Squeezed between sophisticated Istria and scintillating Dalmatia, Croatia's Kvarner Gulf suffers from middle sibling syndrome, never quite getting the attention it deserves. That looks set to change with its principal city, Rijeka, chosen as a European Capital of Culture for 2020.

This rough-edged port city has its charms, but it’s not the only highlight of the gulf. Scattered around the mountainous hinterland and myriad islands are ancient walled towns, medieval churches, mysterious castles, beautiful beaches, top-notch restaurants and important wildlife reserves.

Historic Rijeka sits on a hill lined by a waterfront in the Kvarner Gulf.
Kvarner Gulf enchants with a winning combination of mountains and shoreline © xbrcgx / shutterstock

Find the architecture of Trsat Castle

Rijeka’s most intriguing attraction is this 13th-century Frankopan fortress perched high above the city. It was given a makeover in 1824 by an Irish-born count serving in the Austrian army, who introduced elements of Biedermeier design and an Ancient Greek-inspired family mausoleum guarded by basilisks (now used as a gallery space). The views from the ramparts are exceptional, stretching over Rijeka and out to the gulf islands. While you’re up in Trsat, check out the nearby Our Lady of Trsat Church, which is a minor Catholic pilgrimage site owing to a medieval tale of mystical removalists. It’s said that the angels bearing the Madonna’s family home from Nazareth to Loreto in Italy paused here for a few years before continuing on their way. For the full pilgrim experience you can walk to Trsat from the centre of Rijeka via the 16th-century Petar Kružić Stairway, a historic route lined with small chapels.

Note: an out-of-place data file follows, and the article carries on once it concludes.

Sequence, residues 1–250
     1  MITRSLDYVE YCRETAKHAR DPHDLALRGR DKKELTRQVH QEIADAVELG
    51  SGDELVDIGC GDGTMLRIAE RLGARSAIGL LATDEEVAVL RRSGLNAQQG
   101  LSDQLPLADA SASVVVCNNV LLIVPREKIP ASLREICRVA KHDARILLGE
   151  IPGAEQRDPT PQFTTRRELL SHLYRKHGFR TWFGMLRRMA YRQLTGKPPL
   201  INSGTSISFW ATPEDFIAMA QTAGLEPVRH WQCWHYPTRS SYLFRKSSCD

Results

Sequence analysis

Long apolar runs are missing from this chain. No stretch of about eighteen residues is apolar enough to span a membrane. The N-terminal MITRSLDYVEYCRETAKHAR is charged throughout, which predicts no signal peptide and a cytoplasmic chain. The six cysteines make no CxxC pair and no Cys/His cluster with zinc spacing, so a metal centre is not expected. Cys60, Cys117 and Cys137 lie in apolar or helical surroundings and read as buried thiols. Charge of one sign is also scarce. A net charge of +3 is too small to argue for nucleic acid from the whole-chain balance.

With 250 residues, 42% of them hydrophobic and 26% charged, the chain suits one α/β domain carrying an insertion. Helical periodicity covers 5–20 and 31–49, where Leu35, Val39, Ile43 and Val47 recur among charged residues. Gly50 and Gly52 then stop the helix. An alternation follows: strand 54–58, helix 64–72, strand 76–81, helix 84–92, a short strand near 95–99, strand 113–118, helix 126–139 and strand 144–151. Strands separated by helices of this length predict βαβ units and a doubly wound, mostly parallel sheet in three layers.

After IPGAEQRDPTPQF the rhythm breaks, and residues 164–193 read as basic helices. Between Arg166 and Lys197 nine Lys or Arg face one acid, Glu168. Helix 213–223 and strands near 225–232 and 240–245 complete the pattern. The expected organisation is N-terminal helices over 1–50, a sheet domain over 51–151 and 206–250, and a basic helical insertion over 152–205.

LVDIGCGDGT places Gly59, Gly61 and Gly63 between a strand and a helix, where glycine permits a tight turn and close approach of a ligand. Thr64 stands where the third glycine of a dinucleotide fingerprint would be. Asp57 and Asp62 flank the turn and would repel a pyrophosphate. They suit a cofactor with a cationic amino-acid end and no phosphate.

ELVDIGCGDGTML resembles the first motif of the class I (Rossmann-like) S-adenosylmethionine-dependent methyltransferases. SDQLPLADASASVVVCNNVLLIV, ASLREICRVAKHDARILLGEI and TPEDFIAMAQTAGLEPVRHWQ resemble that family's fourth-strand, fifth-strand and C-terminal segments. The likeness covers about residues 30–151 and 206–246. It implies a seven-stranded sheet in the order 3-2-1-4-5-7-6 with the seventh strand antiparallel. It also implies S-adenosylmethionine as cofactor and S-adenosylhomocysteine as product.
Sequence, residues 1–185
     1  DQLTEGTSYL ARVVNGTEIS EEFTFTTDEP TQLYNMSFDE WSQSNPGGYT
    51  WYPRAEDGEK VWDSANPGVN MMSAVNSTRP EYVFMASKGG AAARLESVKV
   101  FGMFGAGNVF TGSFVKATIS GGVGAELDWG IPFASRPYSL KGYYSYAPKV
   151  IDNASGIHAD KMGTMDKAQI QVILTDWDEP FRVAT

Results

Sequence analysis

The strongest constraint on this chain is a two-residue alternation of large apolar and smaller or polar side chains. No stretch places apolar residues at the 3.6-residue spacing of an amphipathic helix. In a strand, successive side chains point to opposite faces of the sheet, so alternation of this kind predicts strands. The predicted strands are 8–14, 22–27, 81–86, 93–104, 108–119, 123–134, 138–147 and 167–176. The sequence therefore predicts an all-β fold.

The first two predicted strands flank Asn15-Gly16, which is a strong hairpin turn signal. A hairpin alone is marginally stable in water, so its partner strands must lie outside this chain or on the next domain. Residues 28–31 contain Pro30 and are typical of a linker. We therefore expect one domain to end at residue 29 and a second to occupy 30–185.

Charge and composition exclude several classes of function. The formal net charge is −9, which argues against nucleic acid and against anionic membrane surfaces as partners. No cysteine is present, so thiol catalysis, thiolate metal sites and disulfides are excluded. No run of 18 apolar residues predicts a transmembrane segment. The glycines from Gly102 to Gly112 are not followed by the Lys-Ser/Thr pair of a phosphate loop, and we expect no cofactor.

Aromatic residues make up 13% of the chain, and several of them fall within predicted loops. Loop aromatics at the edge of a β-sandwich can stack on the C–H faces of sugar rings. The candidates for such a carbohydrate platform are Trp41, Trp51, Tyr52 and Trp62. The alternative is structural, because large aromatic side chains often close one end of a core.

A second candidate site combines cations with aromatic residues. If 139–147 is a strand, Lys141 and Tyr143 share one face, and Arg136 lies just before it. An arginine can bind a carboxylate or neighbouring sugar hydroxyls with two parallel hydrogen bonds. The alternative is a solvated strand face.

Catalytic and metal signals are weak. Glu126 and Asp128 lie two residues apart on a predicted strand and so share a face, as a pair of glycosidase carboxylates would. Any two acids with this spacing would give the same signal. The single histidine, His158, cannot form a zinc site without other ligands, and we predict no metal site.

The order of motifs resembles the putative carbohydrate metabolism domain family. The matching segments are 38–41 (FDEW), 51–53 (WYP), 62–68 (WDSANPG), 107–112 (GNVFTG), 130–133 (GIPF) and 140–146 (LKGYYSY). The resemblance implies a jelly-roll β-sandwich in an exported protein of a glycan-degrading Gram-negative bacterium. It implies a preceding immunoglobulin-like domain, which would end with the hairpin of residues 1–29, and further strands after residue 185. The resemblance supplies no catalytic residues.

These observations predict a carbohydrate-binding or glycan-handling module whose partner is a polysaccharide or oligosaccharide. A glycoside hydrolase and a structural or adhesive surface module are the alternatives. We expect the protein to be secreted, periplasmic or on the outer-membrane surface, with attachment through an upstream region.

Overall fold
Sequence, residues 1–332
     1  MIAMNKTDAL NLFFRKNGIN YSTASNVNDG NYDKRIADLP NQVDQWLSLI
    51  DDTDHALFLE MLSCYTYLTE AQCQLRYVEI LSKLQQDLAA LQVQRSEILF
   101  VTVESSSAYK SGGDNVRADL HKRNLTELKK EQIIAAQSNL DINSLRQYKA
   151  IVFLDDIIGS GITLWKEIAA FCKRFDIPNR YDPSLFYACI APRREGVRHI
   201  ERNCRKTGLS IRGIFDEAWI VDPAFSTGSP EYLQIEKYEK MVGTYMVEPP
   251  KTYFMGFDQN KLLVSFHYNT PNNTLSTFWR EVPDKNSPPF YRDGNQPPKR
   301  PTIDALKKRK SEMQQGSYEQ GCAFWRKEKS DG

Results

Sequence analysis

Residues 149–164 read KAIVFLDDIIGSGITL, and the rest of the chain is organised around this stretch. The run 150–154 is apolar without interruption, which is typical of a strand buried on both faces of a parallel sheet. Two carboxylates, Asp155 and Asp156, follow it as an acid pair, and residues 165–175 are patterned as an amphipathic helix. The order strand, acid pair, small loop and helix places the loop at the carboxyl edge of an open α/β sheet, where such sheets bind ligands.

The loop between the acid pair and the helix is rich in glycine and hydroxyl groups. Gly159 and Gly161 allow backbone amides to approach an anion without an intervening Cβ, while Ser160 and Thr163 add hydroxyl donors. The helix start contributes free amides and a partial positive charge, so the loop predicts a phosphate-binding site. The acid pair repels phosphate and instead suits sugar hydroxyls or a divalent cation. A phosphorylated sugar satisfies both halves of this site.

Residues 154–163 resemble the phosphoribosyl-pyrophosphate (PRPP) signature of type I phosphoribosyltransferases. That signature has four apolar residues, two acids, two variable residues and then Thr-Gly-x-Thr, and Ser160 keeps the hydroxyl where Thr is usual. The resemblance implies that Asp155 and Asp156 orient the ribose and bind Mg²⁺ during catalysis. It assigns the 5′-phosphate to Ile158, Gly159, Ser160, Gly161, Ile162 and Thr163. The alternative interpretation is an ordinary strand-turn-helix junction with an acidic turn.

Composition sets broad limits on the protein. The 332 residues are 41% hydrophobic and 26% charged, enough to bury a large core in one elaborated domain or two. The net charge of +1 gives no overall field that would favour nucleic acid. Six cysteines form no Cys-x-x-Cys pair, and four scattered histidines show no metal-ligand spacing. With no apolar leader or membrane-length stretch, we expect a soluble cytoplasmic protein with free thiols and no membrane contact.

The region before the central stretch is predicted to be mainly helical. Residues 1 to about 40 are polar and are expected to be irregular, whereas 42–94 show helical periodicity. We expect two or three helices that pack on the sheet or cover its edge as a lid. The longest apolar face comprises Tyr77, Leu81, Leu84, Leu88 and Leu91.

Grilled squid on a plate with lemon, tomato and asparagus
Tuck into tasty seafood dishes in Volosko © Zeleno / Getty Images

Taste the best of Volosko

Nestled on the mainland between Rijeka and the Austro-Hungarian-era resort town of Opatija, this relaxed fishing village has in recent years developed an unexpected reputation as one of Croatia’s culinary hotspots. Unsurprisingly, seafood is the main focus and the influence of nearby Istria is apparent in the fresh truffles, high-quality olive oils and wild asparagus that make their way into many of the dishes.

An aerial view of a forested valley punctuated by grey cliffs. Kvarner Gulf.
Take in views of the dramatic Vela Draga at Učka Nature Park © Tinieder / Getty Images

Go wild at Učka Nature Park

Providing a rugged backdrop to the western end of the bay, this nature park stretches out over 160 square kilometres of mountains and a high plateau. Despite its prominence on the horizon, it’s often overlooked by visitors to the region. You might spot golden eagles, kestrels, peregrine falcons and eagle owls cruising the thermals of the magnificent Vela Draga canyon, while brown deer, wild boar and roe deer lurk in the beech and chestnut forests. Učka is also prime hiking and mountain-biking territory, with eight trails detailed on the park website. If that sounds too much like hard work, you can explore the park in a 4WD on a fascinating and highly educational half-day tour with the local rangers, accompanying them as they go about their work.